Friday, January 30, 2015

Club Universidad de Chile – O’Higgins FC (10-01-2015)

Nothing more perfect than being able to combine a business trip with some groundhopping, particularly if it is in a new country. So, despite having landed at 10 AM, after a red-eye flight with little sleep, I was extremely excited to go with my friend C. to the Estadio Nacional Julio Martínez Prádanos in Chile’s capital city Santiago to see my first game. C. does not really go to football games, so he had asked a colleague, a ‘football expert’ whether we needed to buy tickets in advance. He had said we didn’t, and that made sense as Chilean games are hardly ever sold out.

As we get closer to the stadium we see more and more people wearing the shirt of home team Universidad de Chile, one of Chile’s biggest teams. I see no people wearing the shirt of the visitors O’Higgins, even though they come from a town that is only 87 km south of Santiago (this is nothing for Chile, which is, North to South, 4.300 km long)! Now, I know what you are thinking: O’Higgins, really? Fair enough! O’Higgins is neither a team from the Republic of Ireland nor a Chilean team founded by Irish immigrants. In fact, it is named after Bernardo O’Higgins, who was one of the leaders who freed Chile from Spain in the Chilean War of Independence in the early 19th century.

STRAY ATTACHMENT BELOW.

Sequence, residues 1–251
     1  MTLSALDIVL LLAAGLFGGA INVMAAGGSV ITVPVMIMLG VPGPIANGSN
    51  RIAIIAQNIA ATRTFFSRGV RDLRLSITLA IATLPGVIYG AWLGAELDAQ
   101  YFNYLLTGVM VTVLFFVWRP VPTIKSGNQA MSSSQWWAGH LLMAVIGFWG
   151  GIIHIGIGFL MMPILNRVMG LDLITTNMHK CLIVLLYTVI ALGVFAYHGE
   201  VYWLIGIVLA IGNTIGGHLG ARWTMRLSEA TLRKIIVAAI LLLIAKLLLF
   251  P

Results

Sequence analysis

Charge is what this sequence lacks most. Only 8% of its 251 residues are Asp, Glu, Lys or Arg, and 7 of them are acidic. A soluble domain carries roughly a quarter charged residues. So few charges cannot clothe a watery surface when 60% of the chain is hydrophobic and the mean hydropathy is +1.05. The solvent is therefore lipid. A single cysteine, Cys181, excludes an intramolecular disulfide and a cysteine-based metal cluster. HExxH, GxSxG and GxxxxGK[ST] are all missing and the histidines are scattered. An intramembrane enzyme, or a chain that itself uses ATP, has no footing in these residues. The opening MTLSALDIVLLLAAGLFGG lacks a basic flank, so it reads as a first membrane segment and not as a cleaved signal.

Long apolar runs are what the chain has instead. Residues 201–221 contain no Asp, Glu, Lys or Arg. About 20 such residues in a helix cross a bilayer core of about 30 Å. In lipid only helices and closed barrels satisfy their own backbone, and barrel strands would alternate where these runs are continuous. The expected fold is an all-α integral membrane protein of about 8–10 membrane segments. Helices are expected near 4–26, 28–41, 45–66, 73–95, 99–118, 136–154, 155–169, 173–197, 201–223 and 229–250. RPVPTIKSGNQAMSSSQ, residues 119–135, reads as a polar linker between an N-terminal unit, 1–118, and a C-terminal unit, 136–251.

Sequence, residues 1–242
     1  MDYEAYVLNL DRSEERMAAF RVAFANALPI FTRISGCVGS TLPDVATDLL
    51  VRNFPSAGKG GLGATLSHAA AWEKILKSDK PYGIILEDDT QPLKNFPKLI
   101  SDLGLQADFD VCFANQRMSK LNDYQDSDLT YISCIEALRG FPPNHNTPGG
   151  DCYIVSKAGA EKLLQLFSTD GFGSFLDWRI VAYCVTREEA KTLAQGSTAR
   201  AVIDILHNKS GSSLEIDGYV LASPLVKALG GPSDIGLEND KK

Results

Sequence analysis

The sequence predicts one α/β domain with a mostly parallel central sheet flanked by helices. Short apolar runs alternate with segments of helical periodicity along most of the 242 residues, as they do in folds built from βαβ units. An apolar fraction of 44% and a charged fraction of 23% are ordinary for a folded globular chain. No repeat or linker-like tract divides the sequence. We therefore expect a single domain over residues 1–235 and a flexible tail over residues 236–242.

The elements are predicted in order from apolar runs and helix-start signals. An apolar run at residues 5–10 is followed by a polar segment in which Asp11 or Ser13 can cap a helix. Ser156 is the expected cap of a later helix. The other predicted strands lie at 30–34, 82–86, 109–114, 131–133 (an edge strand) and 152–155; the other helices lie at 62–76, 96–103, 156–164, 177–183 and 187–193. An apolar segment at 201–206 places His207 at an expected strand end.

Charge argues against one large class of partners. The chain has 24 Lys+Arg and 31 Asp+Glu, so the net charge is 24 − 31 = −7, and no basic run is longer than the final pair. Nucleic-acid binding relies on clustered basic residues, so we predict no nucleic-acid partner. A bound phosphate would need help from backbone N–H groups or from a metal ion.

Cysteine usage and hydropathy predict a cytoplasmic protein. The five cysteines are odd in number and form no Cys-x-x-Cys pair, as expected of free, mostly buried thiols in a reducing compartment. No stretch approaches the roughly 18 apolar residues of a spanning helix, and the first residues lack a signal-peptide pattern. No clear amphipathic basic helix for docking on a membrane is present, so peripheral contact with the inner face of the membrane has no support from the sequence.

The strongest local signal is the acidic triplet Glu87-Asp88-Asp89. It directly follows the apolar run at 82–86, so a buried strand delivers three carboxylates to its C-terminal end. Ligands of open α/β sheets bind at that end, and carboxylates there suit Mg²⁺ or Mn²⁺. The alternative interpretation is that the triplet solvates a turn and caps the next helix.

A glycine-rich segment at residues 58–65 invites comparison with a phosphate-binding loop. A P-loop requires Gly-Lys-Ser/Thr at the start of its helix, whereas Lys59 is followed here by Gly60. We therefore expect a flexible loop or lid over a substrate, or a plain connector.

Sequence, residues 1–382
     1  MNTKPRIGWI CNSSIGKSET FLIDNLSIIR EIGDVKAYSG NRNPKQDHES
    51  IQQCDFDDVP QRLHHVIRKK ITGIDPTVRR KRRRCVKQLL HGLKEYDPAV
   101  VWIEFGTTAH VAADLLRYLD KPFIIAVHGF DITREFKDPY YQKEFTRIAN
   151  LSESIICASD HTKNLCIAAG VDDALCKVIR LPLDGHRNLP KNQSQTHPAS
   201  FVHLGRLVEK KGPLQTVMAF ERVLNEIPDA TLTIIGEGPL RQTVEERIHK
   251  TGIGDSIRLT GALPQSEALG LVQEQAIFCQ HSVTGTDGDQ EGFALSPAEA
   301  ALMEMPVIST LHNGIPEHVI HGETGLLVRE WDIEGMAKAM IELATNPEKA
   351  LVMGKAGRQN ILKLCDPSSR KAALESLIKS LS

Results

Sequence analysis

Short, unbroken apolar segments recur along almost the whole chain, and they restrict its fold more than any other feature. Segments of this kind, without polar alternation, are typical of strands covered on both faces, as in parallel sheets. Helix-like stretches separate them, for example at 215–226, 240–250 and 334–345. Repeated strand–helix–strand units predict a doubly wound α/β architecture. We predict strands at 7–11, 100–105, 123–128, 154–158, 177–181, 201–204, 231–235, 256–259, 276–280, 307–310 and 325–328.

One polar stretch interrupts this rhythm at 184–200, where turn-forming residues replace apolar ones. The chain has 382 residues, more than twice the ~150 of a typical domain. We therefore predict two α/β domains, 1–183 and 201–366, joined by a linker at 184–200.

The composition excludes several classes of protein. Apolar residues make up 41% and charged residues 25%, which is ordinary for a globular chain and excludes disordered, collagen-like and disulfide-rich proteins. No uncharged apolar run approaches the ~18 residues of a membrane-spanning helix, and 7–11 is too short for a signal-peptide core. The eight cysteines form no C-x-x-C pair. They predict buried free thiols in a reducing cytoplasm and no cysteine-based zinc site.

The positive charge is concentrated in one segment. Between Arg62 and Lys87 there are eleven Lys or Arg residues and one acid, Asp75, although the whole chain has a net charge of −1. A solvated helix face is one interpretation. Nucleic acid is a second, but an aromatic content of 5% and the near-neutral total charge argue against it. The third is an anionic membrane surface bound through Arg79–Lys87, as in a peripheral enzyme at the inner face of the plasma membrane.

Anyway, back to the game. As we arrive at the stadium, we are told that we cannot buy tickets at the ticket office. However, we can buy tickets but online and then pick them up at the ticket office! Consequently, outside of old tiny ticket office various people are frantically on their smartphone, ordering tickets which they then pick up a yard away at that office. As you need an (Chilean) ID number for each ticket, my friend C can buy only one ticket. I can possibly get one too, but I have to, first, make a profile online and then, second, try to convince the computer that my US driver’s license number also counts as an ID. Might have worked, but they close the online system exactly at kick-off time, and the ticket office a minute earlier, so we and some 10 other people are left outside.

We circle around the stadium a bit, get ripped off with fake tickets, and then learn that Chile is not really Latin America, as they follow the rules even tighter than Dutch or Germans. Conclusion: no game! :-(

That same evening we find out what the rules are: for games of the three biggest teams in Chile, home or away, you can only buy tickets online and you have to use an ID that you can show at the stadium. The big three are all from Santiago: Colo Colo, Universidad Católica, and Universidad de Chile. For all other games you still need an official ID at the stadium, but you normally can buy tickets at the ticket office – in any case, always check out the Ticketpro website, as they have the monopoly on the online tickets, and you can better be safe than sorry (downside: you won’t get a nice ticket).

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